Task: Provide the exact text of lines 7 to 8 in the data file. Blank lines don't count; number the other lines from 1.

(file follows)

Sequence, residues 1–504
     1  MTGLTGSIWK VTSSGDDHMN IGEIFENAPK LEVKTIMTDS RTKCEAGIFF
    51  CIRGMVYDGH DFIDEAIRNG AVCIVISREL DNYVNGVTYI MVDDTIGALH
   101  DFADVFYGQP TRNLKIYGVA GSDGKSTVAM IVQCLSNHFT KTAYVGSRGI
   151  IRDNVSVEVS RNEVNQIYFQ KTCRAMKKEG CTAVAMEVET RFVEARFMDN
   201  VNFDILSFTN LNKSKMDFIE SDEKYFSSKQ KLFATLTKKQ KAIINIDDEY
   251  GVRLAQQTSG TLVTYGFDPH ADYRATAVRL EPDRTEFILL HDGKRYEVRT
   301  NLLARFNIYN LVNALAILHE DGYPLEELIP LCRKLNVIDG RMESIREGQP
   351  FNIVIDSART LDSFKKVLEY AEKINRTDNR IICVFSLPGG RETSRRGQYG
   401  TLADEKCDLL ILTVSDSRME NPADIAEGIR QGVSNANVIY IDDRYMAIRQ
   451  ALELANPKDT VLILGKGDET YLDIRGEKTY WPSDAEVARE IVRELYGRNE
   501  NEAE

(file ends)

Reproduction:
   251  GVRLAQQTSG TLVTYGFDPH ADYRATAVRL EPDRTEFILL HDGKRYEVRT
   301  NLLARFNIYN LVNALAILHE DGYPLEELIP LCRKLNVIDG RMESIREGQP